Albert Speer (…) was born in 1934 as the son of Hitler’s chief architect and Minister of Armaments Albert Speer. Having trained as a carpenter he then studied Architecture in Munich. In 1964 he founded his urban and regional planning firm in Frankfurt/Main. With a payroll of almost 200 employees, AS+P Albert Speer + Partner GmbH is nowadays well known beyond Europe for urban and transport planning, residential district architecture, and major sporting events. Speer has won prizes and been awarded honorary doctorates, and his name is associated, for example, with the “Museumsufer” development in Frankfurt/Main, Expo 2000 in Hanover, and the Allianz Arena in Munich. He has lectured in regional and environmental planning. In 2006 he was awarded the Federal Order of Merit for the academic advancement of architecture and urban planning.
He (…) managed to liberate himself form the overpowering shadow of his father, the Minister of Armaments and architect of Adolf Hitler’ monumental structures. Urban planning is not about creating monuments, but sees cities as complex, living organisms, is his credo.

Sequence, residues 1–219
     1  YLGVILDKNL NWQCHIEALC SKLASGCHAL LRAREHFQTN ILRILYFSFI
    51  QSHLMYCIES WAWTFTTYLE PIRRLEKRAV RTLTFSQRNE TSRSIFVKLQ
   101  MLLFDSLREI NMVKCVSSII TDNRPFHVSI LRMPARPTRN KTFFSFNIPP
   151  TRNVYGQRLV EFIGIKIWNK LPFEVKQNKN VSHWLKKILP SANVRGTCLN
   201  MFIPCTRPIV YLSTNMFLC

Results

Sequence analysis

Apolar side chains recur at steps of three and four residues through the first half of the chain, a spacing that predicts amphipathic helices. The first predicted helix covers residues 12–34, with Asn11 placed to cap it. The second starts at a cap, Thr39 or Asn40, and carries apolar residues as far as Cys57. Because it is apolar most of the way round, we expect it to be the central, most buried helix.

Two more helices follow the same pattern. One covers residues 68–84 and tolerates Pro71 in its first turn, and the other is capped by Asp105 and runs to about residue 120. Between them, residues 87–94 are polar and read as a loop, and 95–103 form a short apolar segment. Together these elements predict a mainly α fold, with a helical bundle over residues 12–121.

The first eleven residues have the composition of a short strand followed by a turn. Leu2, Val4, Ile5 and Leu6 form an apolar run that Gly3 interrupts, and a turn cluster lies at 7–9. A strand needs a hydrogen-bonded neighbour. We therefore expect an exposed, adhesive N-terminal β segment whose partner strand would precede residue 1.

With his wish to design sustainable cities that are compatible with mankind and the environment, Albert Speer Junior continued the family architecture tradition, without having to follow in his father’s footsteps. “It has often been said that I consciously wanted to be distinct from my father, but that wasn’t the case. I knew that architecture was not my strength.” His father had never understood what sustainable urban planning is all about, he says.
Speer later discovered that his father had nonetheless been proud when, in Spandau Prison in Berlin he heard of the prizes his son had been awarded since winning his competition in 1964 in Ludwigshafen. Nonetheless, urban planning had never interested his father, and certainly why one had to bother with preparatory land use plans and deal with citizens’ objections, or make presentations to building authorities in order to be able to build cities worth living in. “That was not his world.“ But it was one, which today matters everywhere.
by Johnny Erling, excerpt from: Die Welt newspaper, November 3, 2013